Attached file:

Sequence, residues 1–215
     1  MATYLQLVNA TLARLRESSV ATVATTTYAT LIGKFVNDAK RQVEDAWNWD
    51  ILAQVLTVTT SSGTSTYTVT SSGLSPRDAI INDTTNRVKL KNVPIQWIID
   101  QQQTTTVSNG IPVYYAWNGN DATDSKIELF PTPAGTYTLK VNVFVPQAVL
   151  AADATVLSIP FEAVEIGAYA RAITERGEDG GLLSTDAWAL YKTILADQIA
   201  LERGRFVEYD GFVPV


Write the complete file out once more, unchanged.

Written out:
Sequence, residues 1–215
     1  MATYLQLVNA TLARLRESSV ATVATTTYAT LIGKFVNDAK RQVEDAWNWD
    51  ILAQVLTVTT SSGTSTYTVT SSGLSPRDAI INDTTNRVKL KNVPIQWIID
   101  QQQTTTVSNG IPVYYAWNGN DATDSKIELF PTPAGTYTLK VNVFVPQAVL
   151  AADATVLSIP FEAVEIGAYA RAITERGEDG GLLSTDAWAL YKTILADQIA
   201  LERGRFVEYD GFVPV